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AMD Delivers Many Fixes For Polaris GPUs On Linux - Finally Enables ZeroRPM Fan Mode

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  • boxie
    replied
    Originally posted by timrichardson View Post

    Linux Torvalds has a polaris card in his threadripper beast.
    Only because the TR doesn't have an IGP
    Originally posted by timrichardson View Post
    I have a RX570 in my 3900X. If you only game a bit or not at all, Polaris cards are fine. Perhaps there is a payback on energy savings of a more modern card, I'm not sure, but the other advantage is that the drivers seem to give no problems. It was my first AMD card on a machine that only has Linux so I wanted to minimise risks. So for low cost and low risk, these cards were still pretty viable only a few months ago, I think.
    I doubt you would get several hundred $ back in any power savings.

    The only time it is a drag is if it is not playing your games at whatever hz your monitor can do and you are unhappy about that

    Leave a comment:


  • M@GOid
    replied
    Originally posted by Espionage724 View Post
    Since we're talking about Polaris; is there anything known about potential HDMI issues? I've had a RX 560, and 4 different RX 580s, and all of them had intermittent instability at [email protected] over HDMI across 6 different HDMI 2.0-certified cables.

    The RX 560 and 2 RX 580s were from XFX, and the last 2 RX 580s from SAPPHIRE. This happens in Windows 10, macOS (Mojave and Catalina), and Linux. Tried about 5 different motherboard with both PCI-E 2.0 and 3.0, at least 2 power supplies, and in the case of macOS, I was using a TB2 enclosure. On all operating systems, the instability went away when I created a CVT-RB resolution.

    I was thinking it was my display, but I used a GTX 1060 that worked without issue.

    Some reports from others leads me to believe Polaris has some flawed HDMI implementation, but I don't hear a lot about this I'm assuming because it's not a popular set-up (I imagine most people use DisplayPort or resolutions that aren't 4K).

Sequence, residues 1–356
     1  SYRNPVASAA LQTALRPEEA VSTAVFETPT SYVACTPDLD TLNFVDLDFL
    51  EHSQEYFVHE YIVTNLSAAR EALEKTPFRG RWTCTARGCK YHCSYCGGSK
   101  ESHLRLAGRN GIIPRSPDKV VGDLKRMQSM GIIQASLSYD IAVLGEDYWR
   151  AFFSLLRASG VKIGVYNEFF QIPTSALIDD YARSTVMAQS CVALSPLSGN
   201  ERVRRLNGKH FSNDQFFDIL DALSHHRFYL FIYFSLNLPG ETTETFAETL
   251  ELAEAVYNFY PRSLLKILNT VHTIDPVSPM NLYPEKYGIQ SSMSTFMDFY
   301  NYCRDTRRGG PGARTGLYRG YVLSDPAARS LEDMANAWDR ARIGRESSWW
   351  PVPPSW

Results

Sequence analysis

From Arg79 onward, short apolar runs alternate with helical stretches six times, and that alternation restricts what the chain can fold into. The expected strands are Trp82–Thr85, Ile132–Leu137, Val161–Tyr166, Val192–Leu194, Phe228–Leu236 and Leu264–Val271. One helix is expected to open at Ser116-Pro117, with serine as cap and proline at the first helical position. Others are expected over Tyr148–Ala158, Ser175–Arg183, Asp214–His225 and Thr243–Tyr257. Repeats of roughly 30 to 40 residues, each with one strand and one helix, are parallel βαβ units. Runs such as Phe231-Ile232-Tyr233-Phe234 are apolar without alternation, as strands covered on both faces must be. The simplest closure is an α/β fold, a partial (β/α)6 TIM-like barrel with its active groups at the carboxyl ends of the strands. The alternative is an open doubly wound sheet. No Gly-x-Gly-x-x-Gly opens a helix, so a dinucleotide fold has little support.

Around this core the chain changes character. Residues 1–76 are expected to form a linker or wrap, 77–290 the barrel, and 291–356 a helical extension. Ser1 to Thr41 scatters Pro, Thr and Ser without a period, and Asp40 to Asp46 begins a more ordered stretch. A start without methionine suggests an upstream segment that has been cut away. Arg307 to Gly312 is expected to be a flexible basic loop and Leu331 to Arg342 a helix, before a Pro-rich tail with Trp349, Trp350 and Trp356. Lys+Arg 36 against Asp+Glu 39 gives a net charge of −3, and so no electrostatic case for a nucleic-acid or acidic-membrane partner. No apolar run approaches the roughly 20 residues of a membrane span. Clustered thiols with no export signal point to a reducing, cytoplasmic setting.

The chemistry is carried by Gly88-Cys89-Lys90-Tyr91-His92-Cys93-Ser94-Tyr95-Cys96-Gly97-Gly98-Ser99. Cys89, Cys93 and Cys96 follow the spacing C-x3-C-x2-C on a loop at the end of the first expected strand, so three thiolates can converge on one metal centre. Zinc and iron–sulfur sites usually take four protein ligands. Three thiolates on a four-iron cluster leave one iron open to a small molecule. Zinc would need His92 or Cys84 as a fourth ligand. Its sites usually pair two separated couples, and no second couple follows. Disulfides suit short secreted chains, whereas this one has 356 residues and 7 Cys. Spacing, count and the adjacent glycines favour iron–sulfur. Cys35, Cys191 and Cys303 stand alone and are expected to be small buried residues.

Since I don't have a 4K TV, my test with a RX570 ITX from Sapphire was done in a friend's one. Worked fine, no problems.

    HDMI have a history of cable and equipment shenanigans. The same friend above had some incompatibility issues between his TVs and his Playstations, mostly cable related. Here in my house, it was not uncommon for a cable to refuse to work on 1080p TVs. Quality varies a lot. Adapters from mini-DP to VGA or HDMI (on a Intel Thinkpad T430) were also a source of pain.

    Leave a comment:


  • M@GOid
    replied
    Originally posted by pal666 View Post
    good psus from seasonic have warranty longer than 10 years, why do you keep buying them?
    Because I bought just one :-) And it still works fine, BTW.

    I have more than one PC too.

    Leave a comment:


  • skeevy420
    replied
    Originally posted by Espionage724 View Post
    Some reports from others leads me to believe Polaris has some flawed HDMI implementation, but I don't hear a lot about this I'm assuming because it's not a popular set-up (I imagine most people use DisplayPort or resolutions that aren't 4K).
    I run 1080p HDMI to my TV and have had the same issue on Windows with my RX 580 since the day I bought it. Oddly enough, the exact same setup works flawlessly on Linux.

    With all the posts I've seen around HDMI issues, there does seem to be something up with AMD's HDMI implementation. My guess is something to do with HDCP handshakes due to how my TV behaves with my RX 580 on Windows but not Linux.

    Leave a comment:


  • grung
    replied
    Originally posted by Espionage724 View Post